2010Edit

Fudge was challenged by Republican Thomas Pekarek. She was reelected with 82.5% of the vote.[22]

2012Edit

Fudge defeated Gerald Carver Henley and Isaac Powell in the Democratic primary with 89.4% of the vote and ran unopposed in the general election.

2014Edit

Fudge was unopposed in the Democratic primary. She defeated Republican Mark Zetzer with 79.5% of the vote.

2016Edit

 
Fudge speaking at a rally for Hillary Clinton, October 2016

Fudge ran unopposed again in the Democratic primary and defeated Republican Beverly A. Goldstein in the general election with 80.3% of the vote.

2018Edit

Fudge defeated Felicia Washington Ross in the Democratic primary with 99.3% of the vote. She defeated Goldstein again in the general election with 81.9% of the vote.

Congressional Black CaucusEdit

During a presentation at the Congressional Black Caucus Foundation's 44th Annual Legislative Conference in September 2014, Fudge said that the Congressional Black Caucus would mobilize African-American voters in the 2014 midterm elections by underscoring Republican attacks on President Obama, such as claims that the president wasn't born in the United States.[23]

Electoral historyEdit

Ohio's 11th congressional district[24]
Year Election Subject Party Votes % Opponent Party Votes % Opponent Party Votes %
2008 Special Marcia Fudge Democratic 8,597 100%
2008 General Marcia Fudge Democratic 212,485 85.2% Thomas Pekarek Republican 36,705 14.7% Craig Willis Independent 144 0.1%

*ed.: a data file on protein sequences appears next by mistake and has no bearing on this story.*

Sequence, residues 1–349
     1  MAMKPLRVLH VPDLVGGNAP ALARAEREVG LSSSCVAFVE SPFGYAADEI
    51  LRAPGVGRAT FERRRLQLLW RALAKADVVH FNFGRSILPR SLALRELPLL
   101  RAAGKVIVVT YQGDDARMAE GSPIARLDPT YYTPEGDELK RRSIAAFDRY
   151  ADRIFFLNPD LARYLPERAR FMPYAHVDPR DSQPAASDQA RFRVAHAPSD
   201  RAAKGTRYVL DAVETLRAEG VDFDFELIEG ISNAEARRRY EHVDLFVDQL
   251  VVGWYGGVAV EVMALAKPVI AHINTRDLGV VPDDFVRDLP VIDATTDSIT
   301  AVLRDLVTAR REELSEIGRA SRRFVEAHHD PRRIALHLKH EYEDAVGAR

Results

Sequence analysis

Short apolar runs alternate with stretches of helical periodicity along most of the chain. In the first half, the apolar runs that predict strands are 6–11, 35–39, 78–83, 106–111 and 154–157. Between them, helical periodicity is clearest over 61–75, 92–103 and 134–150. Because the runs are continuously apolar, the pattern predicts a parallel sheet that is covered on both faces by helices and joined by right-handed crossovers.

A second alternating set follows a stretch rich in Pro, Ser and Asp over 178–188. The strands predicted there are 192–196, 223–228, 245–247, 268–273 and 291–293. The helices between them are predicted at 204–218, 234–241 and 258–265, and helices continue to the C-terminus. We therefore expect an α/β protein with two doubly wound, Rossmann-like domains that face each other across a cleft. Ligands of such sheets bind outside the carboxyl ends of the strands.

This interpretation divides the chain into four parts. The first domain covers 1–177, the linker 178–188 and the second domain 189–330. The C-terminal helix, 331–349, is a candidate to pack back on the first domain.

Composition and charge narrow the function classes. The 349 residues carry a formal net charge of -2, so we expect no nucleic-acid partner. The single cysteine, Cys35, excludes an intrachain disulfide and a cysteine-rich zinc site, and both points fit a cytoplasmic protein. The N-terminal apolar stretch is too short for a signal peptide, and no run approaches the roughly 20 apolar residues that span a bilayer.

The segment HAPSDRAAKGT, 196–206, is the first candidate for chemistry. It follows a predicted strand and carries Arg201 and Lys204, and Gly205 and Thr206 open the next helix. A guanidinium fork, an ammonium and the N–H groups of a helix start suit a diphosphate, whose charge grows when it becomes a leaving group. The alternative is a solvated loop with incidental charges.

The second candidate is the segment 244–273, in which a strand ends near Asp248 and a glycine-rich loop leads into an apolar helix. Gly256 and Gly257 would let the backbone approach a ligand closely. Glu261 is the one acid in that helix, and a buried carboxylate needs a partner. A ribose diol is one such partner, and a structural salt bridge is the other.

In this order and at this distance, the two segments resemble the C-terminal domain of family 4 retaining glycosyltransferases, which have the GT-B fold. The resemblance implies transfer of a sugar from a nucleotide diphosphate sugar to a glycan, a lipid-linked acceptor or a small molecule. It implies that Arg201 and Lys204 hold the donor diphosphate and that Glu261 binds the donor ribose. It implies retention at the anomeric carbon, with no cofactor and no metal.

2010 General Marcia Fudge Democratic 139,693 82.9% Thomas Pekarek Republican 28,754 17.1%
2012 General Marcia Fudge Democratic 258,378 100%
2014 General Marcia Fudge Democratic 132,396 79.2% Mark Zetzer Republican 34,769 20.8%
2016 General Marcia Fudge Democratic 233,285 80.1% Beverly Goldstein Republican 58,066 19.9%

Personal lifeEdit

Fudge is a past president of Delta Sigma Theta sorority, serving from 1996 to 2000,[25][26] and is a co-chair of the sorority's National Social Action Commission.[27][28] In 2003, she was a member of the Shaker Heights Alumni Association's Hall of Fame Class.[3]

Fudge has been a member of the Church of God (Anderson),[29][30] and is now a member of Zion Chapel Baptist Church.[7]

See alsoEdit

ReferencesEdit

  1. ^ "Fudge Elected To Late Tubbs-Jones' Congressional Seat". WEWS-TV. November 4, 2008. Archived from the original on January 6, 2009. Retrieved November 4, 2008.
  2. ^ "Membership". Congressional Black Caucus. Retrieved March 7, 2018.
  3. ^ a b "The Shaker School Review" (PDF). Winter 2004. pp. 13–14. Archived from the original (pdf) on March 24, 2009. Retrieved March 22, 2012.
  4. ^ a b Michelle McCafferty (April 10, 2006). "Alumna Spotlight: Marcia L. Fudge, ESQ". The Cauldron. Retrieved September 12, 2008.[dead link]
  5. ^ "Mayor Marcia Fudge, Esq". Call and Post. March 8, 2007. p. 6.
  6. ^ "Cuyahoga County Prosecuting Attorney Press Conference Regarding Congressional Race". PR Newswire. February 10, 1998.